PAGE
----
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Roscoe Conkling (October 30, 1829 – April 18, 1888) was an American lawyer and Republican politician who represented New York in the United States House of Representatives and the United States Senate.

He is remembered today as the leader of the Republican Stalwart faction and a dominant figure in the United States Senate during the 1870s. As Senator, his control of patronage at the New York Customs House, one of the busiest commercial ports in the world, made him incredibly powerful. His comity with President Ulysses S. Grant and conflict with Presidents Rutherford B. Hayes and James A. Garfield were defining features of American politics of the 1870s and 1880s.[1] He also participated, as a member of the Joint Committee on Reconstruction, in the drafting of the landmark Fourteenth Amendment to the United States Constitution.

Conkling publicly led opposition to civil service reform, which he deemed "snivel service reform,"[2] and defended the prerogatives of Senators in doling out appointed posts, a lucrative and often corrupt practice. His conflict with President Garfield over appointments eventually led to Conkling's resignation in 1881. He ran for re-election to his seat in an attempt to display his support from the New York political machine and his power, but lost the special election, during which Garfield was assassinated. Though Conkling never returned to elected office, the assassination elevated Chester A. Arthur, a former New York Collector and Conkling ally, to the presidency. Their relationship was destroyed when Arthur pursued civil service reform, out of his sense of duty to the late President Garfield. Conkling remained active in politics and practiced law in New York City until his death in 1888.[3]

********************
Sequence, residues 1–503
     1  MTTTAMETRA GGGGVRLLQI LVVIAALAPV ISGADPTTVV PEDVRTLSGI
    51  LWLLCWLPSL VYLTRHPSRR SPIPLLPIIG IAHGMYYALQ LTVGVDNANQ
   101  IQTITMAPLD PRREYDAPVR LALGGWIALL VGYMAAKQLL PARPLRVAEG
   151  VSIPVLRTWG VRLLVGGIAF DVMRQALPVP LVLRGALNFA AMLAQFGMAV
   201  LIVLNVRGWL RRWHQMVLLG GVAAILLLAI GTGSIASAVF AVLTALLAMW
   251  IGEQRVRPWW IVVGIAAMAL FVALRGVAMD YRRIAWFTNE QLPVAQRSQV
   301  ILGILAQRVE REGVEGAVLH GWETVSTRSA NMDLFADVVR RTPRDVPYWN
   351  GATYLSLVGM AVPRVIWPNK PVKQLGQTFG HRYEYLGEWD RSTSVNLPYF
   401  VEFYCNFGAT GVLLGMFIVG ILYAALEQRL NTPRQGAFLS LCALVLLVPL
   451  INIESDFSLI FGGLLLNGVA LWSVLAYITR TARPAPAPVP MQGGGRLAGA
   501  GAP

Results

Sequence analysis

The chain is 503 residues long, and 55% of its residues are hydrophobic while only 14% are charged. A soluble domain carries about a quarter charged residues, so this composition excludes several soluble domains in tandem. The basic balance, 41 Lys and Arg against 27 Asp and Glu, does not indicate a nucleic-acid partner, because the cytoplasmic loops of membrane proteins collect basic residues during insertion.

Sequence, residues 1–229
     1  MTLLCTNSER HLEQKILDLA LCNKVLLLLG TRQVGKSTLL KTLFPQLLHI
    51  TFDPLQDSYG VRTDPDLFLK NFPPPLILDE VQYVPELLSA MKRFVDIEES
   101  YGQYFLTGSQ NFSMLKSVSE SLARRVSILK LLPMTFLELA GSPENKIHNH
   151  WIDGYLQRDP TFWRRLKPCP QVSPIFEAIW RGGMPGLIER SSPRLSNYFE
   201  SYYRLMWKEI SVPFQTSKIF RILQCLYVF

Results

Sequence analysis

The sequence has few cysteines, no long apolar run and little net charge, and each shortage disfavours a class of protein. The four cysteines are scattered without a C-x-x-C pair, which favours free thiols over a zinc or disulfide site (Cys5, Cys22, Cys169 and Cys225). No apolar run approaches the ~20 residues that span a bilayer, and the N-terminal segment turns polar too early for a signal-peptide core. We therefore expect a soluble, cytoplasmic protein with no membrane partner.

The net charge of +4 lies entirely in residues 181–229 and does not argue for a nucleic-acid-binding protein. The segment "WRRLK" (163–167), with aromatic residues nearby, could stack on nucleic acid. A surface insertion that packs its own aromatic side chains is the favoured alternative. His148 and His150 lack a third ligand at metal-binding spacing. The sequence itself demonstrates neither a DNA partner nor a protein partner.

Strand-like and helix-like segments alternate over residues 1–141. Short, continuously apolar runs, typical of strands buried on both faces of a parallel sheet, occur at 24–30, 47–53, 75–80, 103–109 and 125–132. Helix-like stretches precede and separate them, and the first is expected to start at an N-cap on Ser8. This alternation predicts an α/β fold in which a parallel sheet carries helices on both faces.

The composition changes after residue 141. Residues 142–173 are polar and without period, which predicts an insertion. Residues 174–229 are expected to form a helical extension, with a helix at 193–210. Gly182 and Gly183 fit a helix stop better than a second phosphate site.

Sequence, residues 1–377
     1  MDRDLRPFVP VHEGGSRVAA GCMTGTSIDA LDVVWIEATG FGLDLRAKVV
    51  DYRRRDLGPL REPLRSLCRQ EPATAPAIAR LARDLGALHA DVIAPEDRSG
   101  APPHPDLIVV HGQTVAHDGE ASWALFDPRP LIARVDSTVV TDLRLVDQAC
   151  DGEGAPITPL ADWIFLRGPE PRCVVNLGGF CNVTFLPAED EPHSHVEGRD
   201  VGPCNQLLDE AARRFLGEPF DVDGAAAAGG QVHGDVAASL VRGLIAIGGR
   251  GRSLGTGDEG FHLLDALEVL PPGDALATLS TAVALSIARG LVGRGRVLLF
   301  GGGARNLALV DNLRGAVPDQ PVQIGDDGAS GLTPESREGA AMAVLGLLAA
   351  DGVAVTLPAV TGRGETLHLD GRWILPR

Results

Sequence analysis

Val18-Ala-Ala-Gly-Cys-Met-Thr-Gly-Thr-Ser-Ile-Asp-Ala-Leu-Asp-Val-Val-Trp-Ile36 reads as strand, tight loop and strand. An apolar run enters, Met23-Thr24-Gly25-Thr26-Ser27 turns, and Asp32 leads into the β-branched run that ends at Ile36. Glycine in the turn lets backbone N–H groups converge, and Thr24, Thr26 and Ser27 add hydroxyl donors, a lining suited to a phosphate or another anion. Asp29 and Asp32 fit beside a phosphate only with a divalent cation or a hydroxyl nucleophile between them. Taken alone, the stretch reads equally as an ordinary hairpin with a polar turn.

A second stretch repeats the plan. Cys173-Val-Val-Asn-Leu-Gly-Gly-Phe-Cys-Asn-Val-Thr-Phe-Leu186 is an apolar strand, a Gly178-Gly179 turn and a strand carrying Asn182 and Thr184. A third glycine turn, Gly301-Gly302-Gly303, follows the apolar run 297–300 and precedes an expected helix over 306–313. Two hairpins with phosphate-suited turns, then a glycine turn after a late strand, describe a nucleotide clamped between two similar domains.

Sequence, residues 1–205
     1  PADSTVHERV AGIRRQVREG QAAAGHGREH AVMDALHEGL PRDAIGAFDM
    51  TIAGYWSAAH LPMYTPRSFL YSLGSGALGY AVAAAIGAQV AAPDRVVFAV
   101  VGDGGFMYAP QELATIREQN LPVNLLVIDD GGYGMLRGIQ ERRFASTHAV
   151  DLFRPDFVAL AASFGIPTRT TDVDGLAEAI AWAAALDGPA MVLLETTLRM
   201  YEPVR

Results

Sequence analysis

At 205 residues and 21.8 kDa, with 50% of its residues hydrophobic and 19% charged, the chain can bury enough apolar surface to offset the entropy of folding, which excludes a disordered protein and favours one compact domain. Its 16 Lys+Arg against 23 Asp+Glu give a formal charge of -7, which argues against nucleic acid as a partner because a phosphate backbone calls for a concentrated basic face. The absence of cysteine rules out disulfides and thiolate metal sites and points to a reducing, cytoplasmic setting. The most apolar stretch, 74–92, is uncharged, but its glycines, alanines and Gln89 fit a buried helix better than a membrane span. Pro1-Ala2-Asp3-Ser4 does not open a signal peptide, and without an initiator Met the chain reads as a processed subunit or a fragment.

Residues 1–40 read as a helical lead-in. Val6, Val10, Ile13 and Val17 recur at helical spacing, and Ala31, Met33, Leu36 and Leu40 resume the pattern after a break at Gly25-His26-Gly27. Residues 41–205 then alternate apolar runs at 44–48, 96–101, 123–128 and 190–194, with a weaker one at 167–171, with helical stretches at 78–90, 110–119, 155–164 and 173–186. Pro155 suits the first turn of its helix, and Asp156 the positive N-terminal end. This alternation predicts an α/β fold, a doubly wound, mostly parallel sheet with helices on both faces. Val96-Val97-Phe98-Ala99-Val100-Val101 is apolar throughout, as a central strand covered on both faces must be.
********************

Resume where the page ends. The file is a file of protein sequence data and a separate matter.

Conkling turned down two presidential appointments to the United States Supreme Court: first to the position of Chief Justice in 1873[1] and then as an associate justice in 1882. In 1882, Conkling was confirmed by the Senate but declined to serve, the last person (as of 2023) to have done so.[3]

Conkling, who was temperate and detested tobacco, was known for his physical condition, maintained through regular exercise and boxing,[1] an unusual devotion for his time.

Brady CC Honorable Roscoe Conkling

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